Take in a live theatre show or concert at one of these elegant, historic opera houses on your next date night.
Originally constructed in downtown Corning in 1902, this opera house served the community until 1934 as both a live performing arts venue as well as movie theater. Restoration efforts started in 2000 and were completed in June 2012. The opera house now hosts a variety of events including community theatre performances, Opry concerts and touring musical acts.
Ed and Eva Warren opened this opera house in December 1896 on Greenfield’s town square. By the late 1940s, the theater space fell into complete disuse. Efforts to restore it started in 1994. The $6.2 million makeover was finished in 2012. In addition to a concert hall, the opera house features a gallery with rotating art shows and a retail shop, Ed & Eva's, with a variety of Iowa-crafted gifts and decor.
Looking for a weekend getaway? Guests can stay in the two-bedroom balcony suite which overlooks the opera house stage.
After starting out as a performance venue, this building then became a produce house, antique shop, bowling alley, skating rink and hardware store. Renovated in 1990, it has returned to its roots and is a 324-seat theater serving the community of Pella.
Four days after a fire destroyed Elkader’s previous opera house, residents raised $10,000 for construction of a new building that was completed just months later, opening in November 1903. The building underwent extensive renovations in 2004. Attend a performance of the Elkader Opera House Players or another musical event.
Opened in 1928 as the Capitol Theatre, the Cedar Rapids facility was purchased by Paramount Theatre the next year and renamed. In 2001, the building underwent a $7.8 million renovation. Severe flooding in 2008 inundated the building with more than eight feet of water on the main level, causing $16 million in damage. The post-flood restoration stayed true to the building’s historical nature. The Paramount features a full schedule of performances ranging from theatre and live music to ballet and symphony events.
Prominent Des Moines businessman Hoyt Sherman built his home in 1877. The home stood empty after his death in 1904 until the Des Moines Women’s Club started to use it as their clubhouse. (The women’s display of art became the city’s first public art museum.) The popularity of their guest speakers - Grant Wood, Amelia Earhart and Helen Keller among them – led to the addition of a 1,400-seat theater in 1923. Today, the theater welcomes performances ranging from live music to comedy. Leave time to tour the home's art gallery before the show.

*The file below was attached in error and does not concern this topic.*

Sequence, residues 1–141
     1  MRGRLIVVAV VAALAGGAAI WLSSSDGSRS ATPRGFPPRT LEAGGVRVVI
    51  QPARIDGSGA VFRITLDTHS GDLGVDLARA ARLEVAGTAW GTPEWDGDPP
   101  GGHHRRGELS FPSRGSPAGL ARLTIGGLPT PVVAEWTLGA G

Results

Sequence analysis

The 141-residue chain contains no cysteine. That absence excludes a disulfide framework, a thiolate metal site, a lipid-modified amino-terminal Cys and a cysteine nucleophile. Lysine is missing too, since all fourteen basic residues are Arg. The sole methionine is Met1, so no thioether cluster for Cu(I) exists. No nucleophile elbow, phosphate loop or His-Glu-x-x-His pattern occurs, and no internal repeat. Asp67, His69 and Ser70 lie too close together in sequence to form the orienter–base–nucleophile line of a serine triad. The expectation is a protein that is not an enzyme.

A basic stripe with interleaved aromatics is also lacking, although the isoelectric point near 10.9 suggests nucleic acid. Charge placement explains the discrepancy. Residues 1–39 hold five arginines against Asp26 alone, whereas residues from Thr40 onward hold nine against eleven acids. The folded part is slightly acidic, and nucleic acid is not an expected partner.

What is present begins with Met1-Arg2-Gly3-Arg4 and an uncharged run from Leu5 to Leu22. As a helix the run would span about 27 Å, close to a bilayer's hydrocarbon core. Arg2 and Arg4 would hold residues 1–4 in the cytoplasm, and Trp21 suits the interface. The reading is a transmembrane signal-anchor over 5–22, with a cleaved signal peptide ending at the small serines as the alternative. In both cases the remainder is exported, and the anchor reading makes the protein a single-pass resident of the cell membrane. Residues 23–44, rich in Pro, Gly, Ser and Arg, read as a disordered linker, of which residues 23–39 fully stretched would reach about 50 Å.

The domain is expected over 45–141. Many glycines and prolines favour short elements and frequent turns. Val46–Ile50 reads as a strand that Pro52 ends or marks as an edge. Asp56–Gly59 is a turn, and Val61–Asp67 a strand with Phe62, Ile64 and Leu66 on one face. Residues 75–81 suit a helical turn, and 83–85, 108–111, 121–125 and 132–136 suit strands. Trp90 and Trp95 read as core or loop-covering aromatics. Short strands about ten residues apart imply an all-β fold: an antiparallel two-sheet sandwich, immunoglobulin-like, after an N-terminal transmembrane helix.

Built in 1889 for a cost of $100,000 using red sandstone and Dubuque bricks for construction, this opera house opened in August 1890. More than 2,600 live performances including Jack Benny, Will Rogers, Ethel Barrymore and Henry Fonda were held on stage over the next nearly 30 years. Converted to a movie theater in 1928, the building was restored as an opera house in 1986 and now hosts musicals, ballets, concerts and other touring acts.
William and Etta Englert opened this Iowa City theater in 1912. Vaudeville touring acts helped fill the 1,071 seats, as did three-reel films. The Englerts lived on the second floor and allowed performers to stay on the third floor. A fire destroyed the original building, but it was rebuilt in the late 1920s. When it appeared the building would be sold and become a nightclub in the late 1990s, concerned citizens rallied to save their theater. The renovated facility opened in 2004.
Designed by the Chicago firm of Rapp & Rapp, the Sioux City theater cost $1.75 million to construct in 1927. The three-story auditorium boasted 2,650 seats, a Wurlitzer pipe organ and a hand painted ceiling. In the 1970s and 80s, it was converted to a movie theater. A $12 million restoration back to a performing arts venue was completed in 2001.
10. Adler Theatre
When it opened in 1931, the RKO Orpheum Theatre in Davenport was Iowa’s largest movie house. The rise of multiplex theaters in the 1970s led to its closure as a regular movie house. The facility was renamed the Adler Theatre after $4.25 million in renovations were completed in 1986. The Adler hosts Broadway, musicals, comedies and concerts year-round.